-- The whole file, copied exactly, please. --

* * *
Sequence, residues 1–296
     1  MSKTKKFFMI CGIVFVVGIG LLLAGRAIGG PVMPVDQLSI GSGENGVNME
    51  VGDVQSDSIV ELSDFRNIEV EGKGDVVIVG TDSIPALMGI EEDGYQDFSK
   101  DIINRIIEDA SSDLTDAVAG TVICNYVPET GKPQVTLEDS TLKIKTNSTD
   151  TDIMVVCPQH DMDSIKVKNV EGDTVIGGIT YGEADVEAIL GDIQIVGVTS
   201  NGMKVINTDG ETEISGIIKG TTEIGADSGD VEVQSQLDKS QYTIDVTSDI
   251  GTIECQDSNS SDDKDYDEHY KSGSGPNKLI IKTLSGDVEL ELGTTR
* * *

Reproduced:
Sequence, residues 1–296
     1  MSKTKKFFMI CGIVFVVGIG LLLAGRAIGG PVMPVDQLSI GSGENGVNME
    51  VGDVQSDSIV ELSDFRNIEV EGKGDVVIVG TDSIPALMGI EEDGYQDFSK
   101  DIINRIIEDA SSDLTDAVAG TVICNYVPET GKPQVTLEDS TLKIKTNSTD
   151  TDIMVVCPQH DMDSIKVKNV EGDTVIGGIT YGEADVEAIL GDIQIVGVTS
   201  NGMKVINTDG ETEISGIIKG TTEIGADSGD VEVQSQLDKS QYTIDVTSDI
   251  GTIECQDSNS SDDKDYDEHY KSGSGPNKLI IKTLSGDVEL ELGTTR